One question we get asked a lot is “Do business games really work?
The short answer is “yes” and we want to show you how game-based learning will solve your training needs, in the longer, more complex answer.
Whilst carrying out business games, like Prepworld’s games based on emergencies and disasters, it is known that whilst at some level we know that it isn’t real, like watching a graphic or a moving film, we still respond as if it was.
In fact one of the reasons that we enjoy watching suspense movies or going on the big dipper rides, is that we can engage with those scenarios safely. We can be frightened without being in danger.
Our answer to clients is, that if the design of the game is fully developed and customised around your business and training needs and it is made as realistic an experience as possible, then it is extremely effective, more so than talk and chalk or most other methods. Your staff will be fully embroiled in problem-solving, experiencing your business challenges and improving their skills, knowledge and understanding to help your business success.
Game-based learning can be serious fun
New Orleans-based PrepWorld specializes in emergency preparedness and disaster management consultancy. The company was launched by entrepreneur Kenneth Bibbins a couple years ago in response to the increase in the frequency of disasters that disproportionately affects youth and teens and the lack of educational material for that vulnerable population.
PrepWorld is the creator of educational gamification emergency preparedness app PrepBiz, which teaches kids, teens, and adults how to prepare for, respond to and recover from disasters, emergencies and hazardous incidents.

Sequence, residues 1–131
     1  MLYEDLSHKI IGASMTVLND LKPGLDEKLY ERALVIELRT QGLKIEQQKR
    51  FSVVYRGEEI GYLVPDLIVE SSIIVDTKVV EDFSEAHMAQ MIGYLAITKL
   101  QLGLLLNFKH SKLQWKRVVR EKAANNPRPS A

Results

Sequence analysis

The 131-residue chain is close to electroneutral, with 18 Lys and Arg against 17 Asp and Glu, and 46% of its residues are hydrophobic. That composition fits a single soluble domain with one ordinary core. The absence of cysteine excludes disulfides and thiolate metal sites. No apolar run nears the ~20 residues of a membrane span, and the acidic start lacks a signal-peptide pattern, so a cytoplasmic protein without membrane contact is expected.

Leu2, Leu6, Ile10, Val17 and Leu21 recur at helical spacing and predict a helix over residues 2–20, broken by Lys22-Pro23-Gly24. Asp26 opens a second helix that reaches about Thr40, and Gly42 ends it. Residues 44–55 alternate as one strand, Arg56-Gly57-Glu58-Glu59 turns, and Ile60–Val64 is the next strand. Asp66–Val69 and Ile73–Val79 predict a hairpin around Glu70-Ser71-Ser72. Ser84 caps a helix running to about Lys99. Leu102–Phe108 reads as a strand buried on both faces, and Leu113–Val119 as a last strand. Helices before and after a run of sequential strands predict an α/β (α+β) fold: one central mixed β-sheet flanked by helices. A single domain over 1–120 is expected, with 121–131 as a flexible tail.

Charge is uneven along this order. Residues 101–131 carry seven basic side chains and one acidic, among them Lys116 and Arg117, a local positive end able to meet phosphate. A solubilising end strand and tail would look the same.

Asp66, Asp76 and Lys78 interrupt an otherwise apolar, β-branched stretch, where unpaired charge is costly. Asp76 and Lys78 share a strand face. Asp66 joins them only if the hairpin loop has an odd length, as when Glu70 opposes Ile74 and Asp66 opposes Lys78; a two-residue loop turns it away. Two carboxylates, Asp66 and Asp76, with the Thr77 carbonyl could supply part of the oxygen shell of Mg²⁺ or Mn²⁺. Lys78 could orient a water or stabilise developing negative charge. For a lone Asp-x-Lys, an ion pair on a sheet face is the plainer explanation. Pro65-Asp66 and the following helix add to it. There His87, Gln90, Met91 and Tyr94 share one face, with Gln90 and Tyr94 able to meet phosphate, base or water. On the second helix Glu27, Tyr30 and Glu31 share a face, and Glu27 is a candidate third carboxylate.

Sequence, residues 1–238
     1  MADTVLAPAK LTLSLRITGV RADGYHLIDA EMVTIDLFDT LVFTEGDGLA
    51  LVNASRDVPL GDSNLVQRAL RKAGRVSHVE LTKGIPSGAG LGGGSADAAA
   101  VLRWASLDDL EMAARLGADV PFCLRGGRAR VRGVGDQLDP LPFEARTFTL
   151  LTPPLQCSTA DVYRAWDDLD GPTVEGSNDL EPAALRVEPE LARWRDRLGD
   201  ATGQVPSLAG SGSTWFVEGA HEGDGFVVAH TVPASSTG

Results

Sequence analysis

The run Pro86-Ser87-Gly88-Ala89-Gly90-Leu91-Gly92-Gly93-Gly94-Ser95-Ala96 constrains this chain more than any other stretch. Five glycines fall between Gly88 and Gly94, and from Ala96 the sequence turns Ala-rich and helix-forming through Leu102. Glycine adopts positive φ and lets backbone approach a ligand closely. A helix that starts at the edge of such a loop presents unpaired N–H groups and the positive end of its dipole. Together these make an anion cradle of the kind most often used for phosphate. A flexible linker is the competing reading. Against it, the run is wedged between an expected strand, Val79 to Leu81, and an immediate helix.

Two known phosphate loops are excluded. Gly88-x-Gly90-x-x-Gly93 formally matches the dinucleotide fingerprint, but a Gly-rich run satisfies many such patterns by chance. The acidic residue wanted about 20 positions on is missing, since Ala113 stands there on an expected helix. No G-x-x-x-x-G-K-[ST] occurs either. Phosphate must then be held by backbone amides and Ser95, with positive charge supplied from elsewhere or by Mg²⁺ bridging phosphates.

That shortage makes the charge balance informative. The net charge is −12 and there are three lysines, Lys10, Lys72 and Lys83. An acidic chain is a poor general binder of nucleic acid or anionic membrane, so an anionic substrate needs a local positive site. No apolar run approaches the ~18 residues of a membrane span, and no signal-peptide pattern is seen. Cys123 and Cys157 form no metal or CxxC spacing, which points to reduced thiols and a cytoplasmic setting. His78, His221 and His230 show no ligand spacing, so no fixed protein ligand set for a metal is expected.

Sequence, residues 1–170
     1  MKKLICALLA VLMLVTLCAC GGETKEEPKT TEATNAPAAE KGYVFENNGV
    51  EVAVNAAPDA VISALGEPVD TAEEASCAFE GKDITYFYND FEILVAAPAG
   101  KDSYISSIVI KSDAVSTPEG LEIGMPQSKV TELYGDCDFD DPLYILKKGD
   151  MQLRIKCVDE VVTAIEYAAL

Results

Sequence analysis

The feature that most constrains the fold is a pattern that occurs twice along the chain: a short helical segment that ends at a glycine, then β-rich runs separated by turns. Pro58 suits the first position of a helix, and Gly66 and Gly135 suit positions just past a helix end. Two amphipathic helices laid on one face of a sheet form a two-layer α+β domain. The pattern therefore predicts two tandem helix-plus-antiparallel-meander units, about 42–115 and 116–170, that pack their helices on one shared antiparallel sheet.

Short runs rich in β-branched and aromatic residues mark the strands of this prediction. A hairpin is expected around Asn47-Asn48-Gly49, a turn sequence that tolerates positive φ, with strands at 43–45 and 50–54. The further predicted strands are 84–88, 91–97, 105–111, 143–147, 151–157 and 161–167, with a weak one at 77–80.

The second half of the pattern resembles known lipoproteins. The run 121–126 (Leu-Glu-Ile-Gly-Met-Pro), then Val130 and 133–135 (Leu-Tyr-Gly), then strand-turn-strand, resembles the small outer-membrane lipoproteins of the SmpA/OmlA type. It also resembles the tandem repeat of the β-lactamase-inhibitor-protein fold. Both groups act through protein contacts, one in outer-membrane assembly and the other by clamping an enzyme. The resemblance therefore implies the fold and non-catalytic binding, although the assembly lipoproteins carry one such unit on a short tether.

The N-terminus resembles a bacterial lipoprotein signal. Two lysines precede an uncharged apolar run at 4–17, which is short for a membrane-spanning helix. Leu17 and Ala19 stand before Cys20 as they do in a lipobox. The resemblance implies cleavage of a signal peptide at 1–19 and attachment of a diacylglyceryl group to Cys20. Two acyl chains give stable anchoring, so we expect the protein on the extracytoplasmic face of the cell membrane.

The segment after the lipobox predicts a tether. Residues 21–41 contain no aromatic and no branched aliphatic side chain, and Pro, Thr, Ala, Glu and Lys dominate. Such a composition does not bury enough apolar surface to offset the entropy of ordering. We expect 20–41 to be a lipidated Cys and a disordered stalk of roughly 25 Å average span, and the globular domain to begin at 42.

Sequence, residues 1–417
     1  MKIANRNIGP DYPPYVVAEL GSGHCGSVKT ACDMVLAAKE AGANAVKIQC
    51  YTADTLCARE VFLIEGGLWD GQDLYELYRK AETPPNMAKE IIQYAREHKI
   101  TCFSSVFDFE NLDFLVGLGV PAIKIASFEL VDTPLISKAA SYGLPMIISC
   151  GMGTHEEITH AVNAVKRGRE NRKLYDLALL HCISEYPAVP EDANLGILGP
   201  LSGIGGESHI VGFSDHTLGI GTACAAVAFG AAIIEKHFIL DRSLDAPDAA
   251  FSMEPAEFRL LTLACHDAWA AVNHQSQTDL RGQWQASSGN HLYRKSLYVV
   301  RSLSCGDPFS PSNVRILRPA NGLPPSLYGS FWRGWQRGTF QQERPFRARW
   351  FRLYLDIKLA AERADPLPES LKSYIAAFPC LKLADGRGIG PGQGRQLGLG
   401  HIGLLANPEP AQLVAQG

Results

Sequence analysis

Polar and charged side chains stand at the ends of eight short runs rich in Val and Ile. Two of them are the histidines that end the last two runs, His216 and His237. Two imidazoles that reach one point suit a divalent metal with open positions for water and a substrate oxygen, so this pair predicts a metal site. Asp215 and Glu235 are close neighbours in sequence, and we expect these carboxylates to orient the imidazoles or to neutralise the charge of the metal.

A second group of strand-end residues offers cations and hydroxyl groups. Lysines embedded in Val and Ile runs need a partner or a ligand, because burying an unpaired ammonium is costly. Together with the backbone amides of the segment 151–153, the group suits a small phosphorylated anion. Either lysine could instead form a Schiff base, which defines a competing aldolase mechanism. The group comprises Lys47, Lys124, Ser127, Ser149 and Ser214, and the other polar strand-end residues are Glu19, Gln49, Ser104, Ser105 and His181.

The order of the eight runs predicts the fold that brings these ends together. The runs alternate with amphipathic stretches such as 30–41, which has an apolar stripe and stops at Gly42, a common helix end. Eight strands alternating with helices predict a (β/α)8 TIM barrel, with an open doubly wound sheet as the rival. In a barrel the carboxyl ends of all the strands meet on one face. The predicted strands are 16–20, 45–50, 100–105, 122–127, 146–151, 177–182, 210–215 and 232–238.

Bibbins is working with Phaedra Boinodiris, a lead strategist at IBM, to leverage their Watson tools to develop a trauma informed game-based learning tools to educate K-12 students on disaster literacy.
The PrepBiz IBM Watson enabled learning tools are designed to “ameliorate traumas youth faced due to other adverse childhood experiences by building resilience, greater confidence, greater self-esteem and greater psychological awareness through serious game play resulting in youth empowerment,” shared Bibbins.
“Game-based learning have been proven to offer therapeutic value while allowing the end user to disconnect from the ongoing trauma that prevents them from learning while teaching them coping skills resulting in resilience and empowerment to regain control of their lives and to move forward in positive measurable ways,” said Bibbins.
Bibbins is also one of the entrepreneurs exhibiting at the Collision Conference in May and was selected as a semi-finalist for The Big Idea at New Orleans Entrepreneur Week.
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